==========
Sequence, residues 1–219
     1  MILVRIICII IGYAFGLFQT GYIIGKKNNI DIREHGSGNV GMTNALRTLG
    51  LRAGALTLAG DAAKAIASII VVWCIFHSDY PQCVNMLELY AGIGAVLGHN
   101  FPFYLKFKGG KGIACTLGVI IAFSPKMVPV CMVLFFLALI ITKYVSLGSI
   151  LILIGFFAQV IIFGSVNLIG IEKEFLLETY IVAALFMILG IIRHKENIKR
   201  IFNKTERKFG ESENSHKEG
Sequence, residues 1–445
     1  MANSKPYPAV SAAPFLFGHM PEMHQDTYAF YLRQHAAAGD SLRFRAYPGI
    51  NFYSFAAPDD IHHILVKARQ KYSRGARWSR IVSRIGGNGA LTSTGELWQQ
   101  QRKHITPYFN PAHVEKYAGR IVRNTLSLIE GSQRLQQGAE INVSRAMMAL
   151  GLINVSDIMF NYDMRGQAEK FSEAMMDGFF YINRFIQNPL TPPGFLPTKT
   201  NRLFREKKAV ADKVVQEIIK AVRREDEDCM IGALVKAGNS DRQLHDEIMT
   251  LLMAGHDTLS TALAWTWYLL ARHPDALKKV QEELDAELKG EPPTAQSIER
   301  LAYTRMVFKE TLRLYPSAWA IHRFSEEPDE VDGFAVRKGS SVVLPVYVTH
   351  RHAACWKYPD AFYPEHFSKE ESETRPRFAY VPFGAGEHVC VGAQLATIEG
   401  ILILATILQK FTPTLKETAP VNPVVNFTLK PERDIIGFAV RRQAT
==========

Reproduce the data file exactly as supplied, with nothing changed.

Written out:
Sequence, residues 1–219
     1  MILVRIICII IGYAFGLFQT GYIIGKKNNI DIREHGSGNV GMTNALRTLG
    51  LRAGALTLAG DAAKAIASII VVWCIFHSDY PQCVNMLELY AGIGAVLGHN
   101  FPFYLKFKGG KGIACTLGVI IAFSPKMVPV CMVLFFLALI ITKYVSLGSI
   151  LILIGFFAQV IIFGSVNLIG IEKEFLLETY IVAALFMILG IIRHKENIKR
   201  IFNKTERKFG ESENSHKEG
Sequence, residues 1–445
     1  MANSKPYPAV SAAPFLFGHM PEMHQDTYAF YLRQHAAAGD SLRFRAYPGI
    51  NFYSFAAPDD IHHILVKARQ KYSRGARWSR IVSRIGGNGA LTSTGELWQQ
   101  QRKHITPYFN PAHVEKYAGR IVRNTLSLIE GSQRLQQGAE INVSRAMMAL
   151  GLINVSDIMF NYDMRGQAEK FSEAMMDGFF YINRFIQNPL TPPGFLPTKT
   201  NRLFREKKAV ADKVVQEIIK AVRREDEDCM IGALVKAGNS DRQLHDEIMT
   251  LLMAGHDTLS TALAWTWYLL ARHPDALKKV QEELDAELKG EPPTAQSIER
   301  LAYTRMVFKE TLRLYPSAWA IHRFSEEPDE VDGFAVRKGS SVVLPVYVTH
   351  RHAACWKYPD AFYPEHFSKE ESETRPRFAY VPFGAGEHVC VGAQLATIEG
   401  ILILATILQK FTPTLKETAP VNPVVNFTLK PERDIIGFAV RRQAT